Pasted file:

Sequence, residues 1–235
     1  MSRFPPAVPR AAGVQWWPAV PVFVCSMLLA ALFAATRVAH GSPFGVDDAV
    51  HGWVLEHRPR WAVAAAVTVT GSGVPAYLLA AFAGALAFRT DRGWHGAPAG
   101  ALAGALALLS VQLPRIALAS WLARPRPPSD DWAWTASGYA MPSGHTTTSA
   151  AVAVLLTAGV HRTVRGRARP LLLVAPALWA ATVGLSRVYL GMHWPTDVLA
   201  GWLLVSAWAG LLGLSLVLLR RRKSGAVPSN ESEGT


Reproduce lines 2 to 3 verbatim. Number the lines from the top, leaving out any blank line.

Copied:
     1  MSRFPPAVPR AAGVQWWPAV PVFVCSMLLA ALFAATRVAH GSPFGVDDAV
    51  HGWVLEHRPR WAVAAAVTVT GSGVPAYLLA AFAGALAFRT DRGWHGAPAG